Climate Health

3 billion people unable to afford a healthy diet: FAO

Food crisis

Photo by Edgar Castrejon on Unsplash

HQ Team

October 4, 2022: More than 3 billion people could not afford a healthy diet in 2020, partly because of rising food prices due to the Covid situation and the resultant economic disruption, according to a Food and Agriculture Organization report. As of August 2022, the FAO food price index was up 40.6 % from average 2020 levels. This means that people with unhealthy diets are likely to have increased manifold as the income levels have hardly kept abreast.

The FAO measures a healthy diet as one that meets daily energy needs and requirements within a country’s food and dietary guidelines. The (un)affordability is measured by comparing the cost of a healthy diet to income levels in the country. The diet is deemed unaffordable if the cost exceeds 52% of an average household’s income. Diet quality is a critical link between food security and nutrition.

In 52 countries of the 138 mapped by the FAO, more than half of the population cannot afford a healthy diet. The majority of these are in Africa, with the rest located across Asia, Oceania, and the Americas.

There are four countries—Azerbaijan, Iceland, Switzerland, and the UAE—where everyone can afford a healthy diet. Most European and developed high-income countries are also well placed, with almost 95% of the population able to afford a healthy diet.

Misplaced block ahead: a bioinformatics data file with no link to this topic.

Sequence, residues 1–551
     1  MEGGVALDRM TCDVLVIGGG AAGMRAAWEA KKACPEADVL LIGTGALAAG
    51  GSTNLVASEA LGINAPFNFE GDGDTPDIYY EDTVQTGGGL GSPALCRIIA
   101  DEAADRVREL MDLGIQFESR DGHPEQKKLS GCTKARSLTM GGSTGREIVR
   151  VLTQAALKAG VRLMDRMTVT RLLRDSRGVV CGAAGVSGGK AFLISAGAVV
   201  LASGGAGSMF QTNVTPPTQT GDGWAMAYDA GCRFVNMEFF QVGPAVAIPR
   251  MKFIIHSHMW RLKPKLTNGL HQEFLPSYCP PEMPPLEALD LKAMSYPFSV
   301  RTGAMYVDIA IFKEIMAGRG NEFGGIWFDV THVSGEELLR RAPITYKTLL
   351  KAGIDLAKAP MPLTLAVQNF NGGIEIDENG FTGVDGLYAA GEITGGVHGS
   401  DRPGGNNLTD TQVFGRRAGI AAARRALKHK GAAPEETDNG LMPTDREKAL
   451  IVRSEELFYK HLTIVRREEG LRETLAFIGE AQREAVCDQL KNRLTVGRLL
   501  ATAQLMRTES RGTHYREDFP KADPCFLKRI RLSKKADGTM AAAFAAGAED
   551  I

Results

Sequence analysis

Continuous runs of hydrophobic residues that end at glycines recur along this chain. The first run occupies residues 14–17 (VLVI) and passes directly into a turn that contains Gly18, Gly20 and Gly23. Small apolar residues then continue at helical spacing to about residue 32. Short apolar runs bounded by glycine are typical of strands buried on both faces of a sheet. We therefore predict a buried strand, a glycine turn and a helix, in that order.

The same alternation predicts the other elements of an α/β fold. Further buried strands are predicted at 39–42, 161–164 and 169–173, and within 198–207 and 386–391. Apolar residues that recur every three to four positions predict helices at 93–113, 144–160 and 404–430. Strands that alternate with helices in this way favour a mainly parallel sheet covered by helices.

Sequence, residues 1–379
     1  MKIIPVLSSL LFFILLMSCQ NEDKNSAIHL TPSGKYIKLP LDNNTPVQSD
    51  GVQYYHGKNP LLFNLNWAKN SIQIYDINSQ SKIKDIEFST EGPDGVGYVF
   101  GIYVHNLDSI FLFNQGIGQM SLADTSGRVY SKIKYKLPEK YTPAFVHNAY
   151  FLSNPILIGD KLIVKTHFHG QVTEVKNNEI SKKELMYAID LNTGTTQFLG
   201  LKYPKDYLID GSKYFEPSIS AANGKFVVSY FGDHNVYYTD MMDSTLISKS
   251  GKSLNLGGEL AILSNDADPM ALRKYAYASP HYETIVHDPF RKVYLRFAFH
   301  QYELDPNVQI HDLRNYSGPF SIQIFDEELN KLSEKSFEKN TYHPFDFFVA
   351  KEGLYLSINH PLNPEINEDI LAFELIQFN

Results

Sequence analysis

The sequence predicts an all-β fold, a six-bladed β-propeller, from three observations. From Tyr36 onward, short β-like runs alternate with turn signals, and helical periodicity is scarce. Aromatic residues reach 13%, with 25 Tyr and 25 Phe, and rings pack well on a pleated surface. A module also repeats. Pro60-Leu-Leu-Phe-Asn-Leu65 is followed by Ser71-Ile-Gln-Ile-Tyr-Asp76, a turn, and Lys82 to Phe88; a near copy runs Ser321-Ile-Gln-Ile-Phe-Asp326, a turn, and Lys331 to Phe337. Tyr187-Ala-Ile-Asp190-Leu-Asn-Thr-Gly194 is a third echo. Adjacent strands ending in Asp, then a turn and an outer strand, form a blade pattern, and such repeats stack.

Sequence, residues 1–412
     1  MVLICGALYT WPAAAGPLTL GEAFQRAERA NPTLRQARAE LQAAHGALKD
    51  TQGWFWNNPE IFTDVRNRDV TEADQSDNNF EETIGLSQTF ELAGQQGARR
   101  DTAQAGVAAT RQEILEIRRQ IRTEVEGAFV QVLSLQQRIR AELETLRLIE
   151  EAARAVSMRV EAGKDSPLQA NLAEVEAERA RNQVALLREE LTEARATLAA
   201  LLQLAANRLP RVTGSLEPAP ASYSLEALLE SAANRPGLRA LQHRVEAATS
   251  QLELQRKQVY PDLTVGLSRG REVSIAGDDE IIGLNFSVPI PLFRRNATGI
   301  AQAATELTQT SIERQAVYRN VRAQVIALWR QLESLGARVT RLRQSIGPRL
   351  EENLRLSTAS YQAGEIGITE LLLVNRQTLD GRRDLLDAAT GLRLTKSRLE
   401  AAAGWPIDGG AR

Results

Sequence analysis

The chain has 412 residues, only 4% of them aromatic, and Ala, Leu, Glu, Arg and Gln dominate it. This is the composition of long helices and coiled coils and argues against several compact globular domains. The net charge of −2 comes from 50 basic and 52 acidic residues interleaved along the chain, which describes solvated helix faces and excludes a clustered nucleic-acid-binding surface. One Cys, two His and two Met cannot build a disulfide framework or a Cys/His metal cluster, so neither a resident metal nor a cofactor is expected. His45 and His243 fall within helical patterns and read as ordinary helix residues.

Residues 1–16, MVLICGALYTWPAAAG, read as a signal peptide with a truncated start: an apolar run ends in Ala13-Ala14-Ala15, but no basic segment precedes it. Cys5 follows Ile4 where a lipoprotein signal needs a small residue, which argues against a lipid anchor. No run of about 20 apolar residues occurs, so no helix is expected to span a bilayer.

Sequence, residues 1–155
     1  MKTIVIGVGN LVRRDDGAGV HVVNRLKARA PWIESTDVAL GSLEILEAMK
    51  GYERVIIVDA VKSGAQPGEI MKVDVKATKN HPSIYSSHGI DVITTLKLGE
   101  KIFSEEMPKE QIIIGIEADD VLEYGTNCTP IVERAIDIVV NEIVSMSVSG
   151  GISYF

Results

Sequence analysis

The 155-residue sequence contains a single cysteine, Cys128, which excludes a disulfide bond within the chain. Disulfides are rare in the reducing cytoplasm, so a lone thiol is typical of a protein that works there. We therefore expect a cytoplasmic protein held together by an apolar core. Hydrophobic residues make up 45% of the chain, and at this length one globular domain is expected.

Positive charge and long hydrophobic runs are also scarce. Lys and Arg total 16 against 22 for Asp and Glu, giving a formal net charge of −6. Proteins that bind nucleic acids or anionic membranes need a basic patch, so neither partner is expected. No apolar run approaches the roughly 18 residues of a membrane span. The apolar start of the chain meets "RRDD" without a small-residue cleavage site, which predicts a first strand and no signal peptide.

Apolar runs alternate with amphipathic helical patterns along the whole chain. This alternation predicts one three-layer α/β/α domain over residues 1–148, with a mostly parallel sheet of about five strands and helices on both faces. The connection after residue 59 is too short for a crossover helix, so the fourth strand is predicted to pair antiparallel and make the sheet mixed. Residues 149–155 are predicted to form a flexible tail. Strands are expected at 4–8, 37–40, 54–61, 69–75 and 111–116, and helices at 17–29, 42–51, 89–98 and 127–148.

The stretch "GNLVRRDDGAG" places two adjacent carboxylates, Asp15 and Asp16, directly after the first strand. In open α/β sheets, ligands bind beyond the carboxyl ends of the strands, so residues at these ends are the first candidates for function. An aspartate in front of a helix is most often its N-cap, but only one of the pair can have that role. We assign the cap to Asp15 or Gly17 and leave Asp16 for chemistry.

Asia has the most people unable to afford a healthy diet at 1.89 billion. India fares the worst, with 973 million of this number residing here. 

Africa has the maximum number at 1 billion. The Americas and Oceania have 151 million people existing on an unhealthy diet.

Africa’s Food Crisis

Almost 90 % of people residing in sub-Saharan Africa cannot afford a healthy diet.

This is because sub-Saharan Africa is susceptible to extreme climates resulting in volatility in food prices. Draughts are common here, and the countries need to import most of their food, which further drives up the prices. 

The Ukrainian war has further deepened the food crisis in this region as many African countries import wheat from these two countries. The conflict between Russia and Ukraine has driven the prices up further. Food price inflation is in double digits, making it almost impossible to put food on tables.

Additionally, East Africa is facing its worst drought in 40 years. As a result, 22 million people are at risk of starvation.

Population Growth and Food Insecurity

The global population will cross 8 billion in November this year and is set to increase by another 35 % by 2050, which means food and crop production needs to double to meet the growing demand. 

Intense agricultural practices will increase greenhouse gas emissions, which will be environmentally disastrous. Climate will be adversely affected, and food production will suffer.

Building climate-resilient agricultural infrastructure, better storage facilities and supply chain flow will play a key role in reducing the levels of food insecurity all over the world.

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